Battle Of Lake George
The Battle of Lake George was fought on 8 September 1755, in the north of the Province of New York.
The battle was part of a campaign by the British to expel the French from North America in the French and Indian War.
On one side were 1,500 French and Indian troops under the command of the Baron de Dieskau. They were defeated by 1,500 Colonial troops under William Johnson and 200 Mohawks led by a noted war chief, Hendrick Theyanoguin.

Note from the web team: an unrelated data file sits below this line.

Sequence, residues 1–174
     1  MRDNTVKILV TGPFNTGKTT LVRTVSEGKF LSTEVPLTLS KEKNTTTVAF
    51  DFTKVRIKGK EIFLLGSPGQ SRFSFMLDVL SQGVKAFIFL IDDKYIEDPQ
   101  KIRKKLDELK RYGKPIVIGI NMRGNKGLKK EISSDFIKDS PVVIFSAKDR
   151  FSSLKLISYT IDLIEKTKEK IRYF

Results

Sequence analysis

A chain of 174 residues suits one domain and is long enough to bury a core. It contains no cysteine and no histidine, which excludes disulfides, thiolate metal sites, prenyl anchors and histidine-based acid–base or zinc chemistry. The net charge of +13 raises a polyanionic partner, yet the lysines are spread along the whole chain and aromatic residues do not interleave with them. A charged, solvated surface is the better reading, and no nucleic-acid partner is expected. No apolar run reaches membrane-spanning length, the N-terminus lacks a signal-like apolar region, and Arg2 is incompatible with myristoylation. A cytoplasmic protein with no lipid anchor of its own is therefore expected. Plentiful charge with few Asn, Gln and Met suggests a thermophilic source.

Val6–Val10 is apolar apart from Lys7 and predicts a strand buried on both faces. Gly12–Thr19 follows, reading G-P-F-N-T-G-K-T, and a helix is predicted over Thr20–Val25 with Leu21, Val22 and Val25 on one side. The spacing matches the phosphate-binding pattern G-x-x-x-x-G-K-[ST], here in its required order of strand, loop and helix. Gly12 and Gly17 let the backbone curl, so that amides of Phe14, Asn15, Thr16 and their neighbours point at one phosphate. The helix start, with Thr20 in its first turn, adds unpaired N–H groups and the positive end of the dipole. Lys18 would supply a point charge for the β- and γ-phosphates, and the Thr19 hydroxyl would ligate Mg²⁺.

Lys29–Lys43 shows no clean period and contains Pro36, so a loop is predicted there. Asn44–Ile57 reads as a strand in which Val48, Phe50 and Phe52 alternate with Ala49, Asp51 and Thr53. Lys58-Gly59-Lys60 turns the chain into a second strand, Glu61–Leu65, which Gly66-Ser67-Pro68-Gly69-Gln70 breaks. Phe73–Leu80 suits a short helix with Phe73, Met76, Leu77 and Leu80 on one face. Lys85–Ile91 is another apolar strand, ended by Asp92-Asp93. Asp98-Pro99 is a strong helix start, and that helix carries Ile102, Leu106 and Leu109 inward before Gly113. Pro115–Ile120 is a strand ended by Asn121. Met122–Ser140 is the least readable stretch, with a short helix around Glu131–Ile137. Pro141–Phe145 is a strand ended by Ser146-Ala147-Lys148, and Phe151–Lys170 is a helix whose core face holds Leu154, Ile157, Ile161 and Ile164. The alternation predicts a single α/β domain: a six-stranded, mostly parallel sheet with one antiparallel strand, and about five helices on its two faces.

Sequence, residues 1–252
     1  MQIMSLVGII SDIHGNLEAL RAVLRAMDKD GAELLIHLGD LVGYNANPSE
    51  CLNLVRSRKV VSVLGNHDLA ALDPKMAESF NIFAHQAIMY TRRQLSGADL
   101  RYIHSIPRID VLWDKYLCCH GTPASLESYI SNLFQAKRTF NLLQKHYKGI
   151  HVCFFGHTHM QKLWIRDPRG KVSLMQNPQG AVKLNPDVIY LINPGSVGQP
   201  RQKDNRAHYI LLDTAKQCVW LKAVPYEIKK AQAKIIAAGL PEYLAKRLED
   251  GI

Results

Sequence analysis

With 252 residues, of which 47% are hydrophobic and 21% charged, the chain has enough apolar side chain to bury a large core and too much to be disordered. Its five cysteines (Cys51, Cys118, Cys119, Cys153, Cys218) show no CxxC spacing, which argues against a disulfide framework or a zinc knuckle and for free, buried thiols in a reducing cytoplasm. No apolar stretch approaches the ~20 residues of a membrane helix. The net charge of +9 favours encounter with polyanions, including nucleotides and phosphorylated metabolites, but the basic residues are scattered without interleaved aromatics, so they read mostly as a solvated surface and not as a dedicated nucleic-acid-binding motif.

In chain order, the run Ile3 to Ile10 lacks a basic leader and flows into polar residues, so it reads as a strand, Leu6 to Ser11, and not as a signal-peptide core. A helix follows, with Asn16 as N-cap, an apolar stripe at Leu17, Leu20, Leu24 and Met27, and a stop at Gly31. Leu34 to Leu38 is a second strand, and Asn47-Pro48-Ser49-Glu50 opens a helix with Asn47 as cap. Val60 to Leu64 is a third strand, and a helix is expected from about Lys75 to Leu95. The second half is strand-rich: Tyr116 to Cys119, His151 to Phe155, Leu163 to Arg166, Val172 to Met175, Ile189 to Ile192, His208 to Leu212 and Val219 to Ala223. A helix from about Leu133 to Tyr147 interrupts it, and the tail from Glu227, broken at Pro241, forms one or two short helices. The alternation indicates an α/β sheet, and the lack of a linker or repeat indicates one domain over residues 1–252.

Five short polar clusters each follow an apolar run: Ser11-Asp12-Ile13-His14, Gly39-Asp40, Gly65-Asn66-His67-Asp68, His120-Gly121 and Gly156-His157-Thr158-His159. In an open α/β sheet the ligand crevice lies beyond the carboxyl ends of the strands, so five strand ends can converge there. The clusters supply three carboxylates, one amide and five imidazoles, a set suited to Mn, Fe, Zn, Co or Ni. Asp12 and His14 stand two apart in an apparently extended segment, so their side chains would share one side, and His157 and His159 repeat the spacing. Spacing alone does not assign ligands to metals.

Johnson's expedition was better organized than Shirley's, something that did not escape the attention of New France's governor, the Marquis de Vaudreuil. He had been primarily been concerned about the extended supply line to the forts on the Ohio, and had sent Baron Dieskau to lead the defenses at Frontenac against Shirley's expected attack. When Johnson was seen as the larger threat, Vaudreuil sent Dieskau to Fort St. Frédéric to meet that threat. Dieskau planned to attack the British encampment at Fort Edward at the upper end of navigation on the Hudson River, but Johnson had strongly fortified it, and Dieskau's Indian support was reluctant to attack. The two forces finally met in the bloody Battle of Lake George between Fort Edward and Fort William Henry. The battle ended inconclusively, with both sides withdrawing from the field. Johnson's advance stopped at Fort William Henry, and the French withdrew to Ticonderoga point, where they began the construction of Fort Carillon (later renamed Fort Ticonderoga after British capture in 1759).